Self-Inflicted, Drake A. Lightle, Goldfish Press, 2011
The latest release from Goldfish Press is the debut poetry collection, Self-Inflicted, by literary newcomer Drake A. Lightle. A Missouri native, Lightle takes us on a journey through the nihilism of one man’s own self-destruction, through the despair that besets him as he realizes what truly matters, and finally through the baptism of the redemptive power of a penitent soul. Self-Inflicted echoes with the haunting turmoil and restless syndrome we find throughout the suburbs of modern day America. Along Main Street, hope has been substituted with loss and despair. The ideals of the American family have been replaced with these ostentatious dreams of celebrity and grandeur. All of this necessitates a pastime of distraction well documented throughout Lightle’s new collection.
Turn on cable TV on any given night and it won’t take you very long to figure out that the new religion of the 21st Century has become our very own escapism. This new television show stars Oprah Winfrey as Jesus, Charlie Sheen as Dionysus, and Sarah Palin as Voltaire. People are listening to the scripture and sonnets of these talking heads and then they are going about living their lives on the edge, watching helplessly as their families disintegrate and fall apart; and then they sit there in contemplation wondering why. With no answer to be found, they then seek out what feels good, so they won’t have to feel bad, even if this only lasts for a few seconds of stardust and high.
In “Sacto Sheraton,” Drake A. Lightle takes us to a hotel bar where our protagonist sits with a woman he is in love with, a married woman perhaps, someone he knows he can never be with in the end, but he wants her no matter the cost:
we’re here with the hipsters
and yuppie yippie wanksters,
trying to blend in
to the scenery,
you drinking wine,
me drinking vodka,
and thinking about where we really should be,
In “Ametropia” Lightle confesses: “it was more than a little myopic / to have allowed my heart / and head / to be there / in the first place.” We all know what we are doing, but we do it anyway. You cannot get any truer than that.
Throughout Self-Inflicted we find that we are peering in on the soul-tearing confessions of a man who has screwed up big time and is trying everything the streets have to offer in order to make his pain go away. In “Bug Under the Skin” he confesses: “these thoughts make me itch like junk sickness / make me want to tie up / find a vein / and cotton-cloud oblivion.” In “USER_DELETED (Monkey Edit: Short Re-Mix)” hope and wonder have completely been vanquished while humanity is simply a tool to be used as a means to an end:
each filled with row after row
with skies of buzzing florescent light
casting soft whiteness on gray faces
sitting in chairs at desks
in front of more buzzing light
fingers surgically attached to keyboards;
eyes reading words of desperate prayers –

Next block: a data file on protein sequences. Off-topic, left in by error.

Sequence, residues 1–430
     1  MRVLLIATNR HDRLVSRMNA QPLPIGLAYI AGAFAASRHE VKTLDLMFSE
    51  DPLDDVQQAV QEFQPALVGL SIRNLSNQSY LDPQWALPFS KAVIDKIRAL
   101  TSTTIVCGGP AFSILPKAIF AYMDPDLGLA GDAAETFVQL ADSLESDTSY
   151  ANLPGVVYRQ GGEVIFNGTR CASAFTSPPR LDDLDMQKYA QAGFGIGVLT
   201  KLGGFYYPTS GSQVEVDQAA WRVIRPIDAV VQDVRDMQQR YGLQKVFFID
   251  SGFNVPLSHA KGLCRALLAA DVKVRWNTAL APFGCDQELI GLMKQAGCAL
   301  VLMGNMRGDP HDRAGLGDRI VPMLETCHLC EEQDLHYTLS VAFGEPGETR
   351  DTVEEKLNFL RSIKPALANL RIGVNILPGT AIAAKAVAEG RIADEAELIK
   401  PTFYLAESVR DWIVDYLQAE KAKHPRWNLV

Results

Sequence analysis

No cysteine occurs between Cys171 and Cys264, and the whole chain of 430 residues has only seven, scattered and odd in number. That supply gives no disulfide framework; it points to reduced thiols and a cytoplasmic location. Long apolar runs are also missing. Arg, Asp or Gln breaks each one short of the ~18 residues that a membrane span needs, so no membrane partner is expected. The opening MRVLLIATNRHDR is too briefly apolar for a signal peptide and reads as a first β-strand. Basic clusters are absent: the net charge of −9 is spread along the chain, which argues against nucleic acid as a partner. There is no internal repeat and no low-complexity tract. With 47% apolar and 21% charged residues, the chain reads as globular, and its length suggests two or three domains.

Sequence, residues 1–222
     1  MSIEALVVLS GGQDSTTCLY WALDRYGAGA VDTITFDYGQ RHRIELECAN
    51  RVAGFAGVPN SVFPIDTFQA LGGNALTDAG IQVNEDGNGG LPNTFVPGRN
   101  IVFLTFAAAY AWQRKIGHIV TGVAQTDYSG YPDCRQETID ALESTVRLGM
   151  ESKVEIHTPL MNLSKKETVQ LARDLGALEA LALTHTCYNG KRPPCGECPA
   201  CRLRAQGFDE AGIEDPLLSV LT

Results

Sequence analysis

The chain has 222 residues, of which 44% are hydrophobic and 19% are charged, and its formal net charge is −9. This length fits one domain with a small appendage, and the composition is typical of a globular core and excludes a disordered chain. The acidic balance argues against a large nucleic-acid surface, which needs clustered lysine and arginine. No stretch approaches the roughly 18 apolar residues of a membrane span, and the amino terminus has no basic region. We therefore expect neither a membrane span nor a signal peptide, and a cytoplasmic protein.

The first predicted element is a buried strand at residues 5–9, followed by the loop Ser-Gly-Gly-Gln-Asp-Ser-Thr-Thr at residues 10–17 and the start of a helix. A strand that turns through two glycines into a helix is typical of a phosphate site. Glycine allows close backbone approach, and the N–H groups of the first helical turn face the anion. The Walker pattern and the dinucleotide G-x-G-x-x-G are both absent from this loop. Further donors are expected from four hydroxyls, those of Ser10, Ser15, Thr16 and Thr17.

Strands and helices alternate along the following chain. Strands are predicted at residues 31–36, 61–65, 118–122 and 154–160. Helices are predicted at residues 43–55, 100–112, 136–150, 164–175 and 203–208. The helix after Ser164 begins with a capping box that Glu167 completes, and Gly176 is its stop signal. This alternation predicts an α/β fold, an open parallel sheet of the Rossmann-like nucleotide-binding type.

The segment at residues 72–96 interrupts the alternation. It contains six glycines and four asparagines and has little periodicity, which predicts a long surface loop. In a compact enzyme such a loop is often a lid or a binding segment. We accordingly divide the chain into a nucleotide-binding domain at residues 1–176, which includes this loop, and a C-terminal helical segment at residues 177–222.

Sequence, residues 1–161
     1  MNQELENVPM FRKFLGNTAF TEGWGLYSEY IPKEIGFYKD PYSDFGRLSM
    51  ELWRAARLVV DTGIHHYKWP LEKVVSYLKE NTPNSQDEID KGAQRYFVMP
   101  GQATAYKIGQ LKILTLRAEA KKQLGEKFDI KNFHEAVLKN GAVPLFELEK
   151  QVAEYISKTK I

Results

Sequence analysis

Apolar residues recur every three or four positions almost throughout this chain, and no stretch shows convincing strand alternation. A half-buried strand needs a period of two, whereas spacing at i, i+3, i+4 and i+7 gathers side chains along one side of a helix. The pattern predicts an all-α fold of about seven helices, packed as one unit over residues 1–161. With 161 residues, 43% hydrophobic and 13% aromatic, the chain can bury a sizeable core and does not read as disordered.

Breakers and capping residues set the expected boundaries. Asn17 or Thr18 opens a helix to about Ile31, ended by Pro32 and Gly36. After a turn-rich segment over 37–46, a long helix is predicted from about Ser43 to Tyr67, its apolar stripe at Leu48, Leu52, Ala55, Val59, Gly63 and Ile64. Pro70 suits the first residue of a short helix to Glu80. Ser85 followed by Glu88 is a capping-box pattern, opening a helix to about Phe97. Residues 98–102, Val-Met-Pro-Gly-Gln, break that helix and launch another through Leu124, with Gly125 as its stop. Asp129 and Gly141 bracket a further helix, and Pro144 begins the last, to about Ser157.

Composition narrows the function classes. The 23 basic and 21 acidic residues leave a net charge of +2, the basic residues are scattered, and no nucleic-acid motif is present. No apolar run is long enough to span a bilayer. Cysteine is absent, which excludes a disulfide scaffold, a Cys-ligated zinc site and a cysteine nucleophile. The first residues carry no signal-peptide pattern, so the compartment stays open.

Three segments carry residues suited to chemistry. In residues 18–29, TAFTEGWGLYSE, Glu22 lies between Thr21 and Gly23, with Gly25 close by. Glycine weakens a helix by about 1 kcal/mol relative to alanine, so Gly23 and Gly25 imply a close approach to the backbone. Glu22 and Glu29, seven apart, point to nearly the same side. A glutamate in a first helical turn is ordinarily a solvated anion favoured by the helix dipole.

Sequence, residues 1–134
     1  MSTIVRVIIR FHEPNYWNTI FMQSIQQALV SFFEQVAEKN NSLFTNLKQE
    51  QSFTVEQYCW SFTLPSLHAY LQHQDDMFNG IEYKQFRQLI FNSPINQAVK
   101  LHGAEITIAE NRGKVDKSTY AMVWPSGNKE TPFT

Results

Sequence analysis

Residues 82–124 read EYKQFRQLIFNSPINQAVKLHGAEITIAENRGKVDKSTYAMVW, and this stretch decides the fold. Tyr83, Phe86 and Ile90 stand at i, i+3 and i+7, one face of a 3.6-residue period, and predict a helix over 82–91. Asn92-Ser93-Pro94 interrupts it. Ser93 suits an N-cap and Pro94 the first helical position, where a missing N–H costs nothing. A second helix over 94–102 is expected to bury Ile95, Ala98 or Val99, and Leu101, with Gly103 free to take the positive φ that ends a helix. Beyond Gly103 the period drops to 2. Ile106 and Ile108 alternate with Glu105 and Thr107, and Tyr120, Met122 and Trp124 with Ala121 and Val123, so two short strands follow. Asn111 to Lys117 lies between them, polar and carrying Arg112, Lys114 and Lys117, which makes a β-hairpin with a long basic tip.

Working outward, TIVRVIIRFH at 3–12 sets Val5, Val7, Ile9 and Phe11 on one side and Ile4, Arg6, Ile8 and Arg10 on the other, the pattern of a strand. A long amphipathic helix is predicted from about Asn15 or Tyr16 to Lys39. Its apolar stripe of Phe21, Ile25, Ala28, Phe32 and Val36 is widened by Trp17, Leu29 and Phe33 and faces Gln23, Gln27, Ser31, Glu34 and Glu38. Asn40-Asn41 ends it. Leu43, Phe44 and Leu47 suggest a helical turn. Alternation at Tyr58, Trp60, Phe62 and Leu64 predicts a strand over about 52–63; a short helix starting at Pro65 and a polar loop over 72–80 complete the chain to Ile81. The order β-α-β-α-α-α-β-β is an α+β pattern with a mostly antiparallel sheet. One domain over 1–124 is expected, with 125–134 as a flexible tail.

poems and prose and plays and short stories
and novels spilling from the minds of monkeys
banging on keyboards in a virtual zoo –
monkeys searching for truth and meaning
meaning of hate and despair and sorrow
and love and hope and bliss;
monkeys freezing in the shadow of the monolith of life
desperate to make sense of it all.
Sometimes life can be a long and darkly lit road. Everyone thinks they have some kind of answer yet no one really seems to have any answers at all. Words and emotions are simply props to be used as propaganda now. There are millions of people on various highways all going somewhere different yet all these passengers want to get home to the very same place. In the end, Drake A. Lightle sums up this journey through his final homily aptly entitled “Self-Inflicted.”
I’ve embraced my proclivity,
I’ve let it guide me—
like magnetic North guides the compass needle—
through the hazardous and absurdly vain thought
that my will might be stronger than my nature.
I’ve made peace with passion.
You can follow the breadcrumbs.
I’ll follow the blood.
The freeway is still the way home, and it’s time to go.
Self-Inflicted is a superb literary debut full of this grit and grain that usually gets lost within most debuts. Hopefully we will be hearing a whole lot more from Drake A. Lightle.
An 8-time Pushcart Prize nominee, Jéanpaul Ferro’s work has appeared on National Public Radio, Contemporary American Voices, Columbia Review, Emerson Review, Connecticut Review, Sierra Nevada Review, Portland Monthly, The Providence Journal, Arts & Understanding Magazine, and others. He is the author of All The Good Promises (Plowman Press, 1994), Becoming X (BlazeVox Books, 2008), You Know Too Much About Flying Saucers (Thumbscrew Press, 2009), Hemispheres (Maverick Duck Press, 2009) Essendo Morti – Being Dead (Goldfish Press, 2009), nominated for the 2010 Griffin Prize in Poetry; and the forthcoming Jazz (Honest Publishing, 2011). He is represented by the Jennifer Lyons Literary Agency.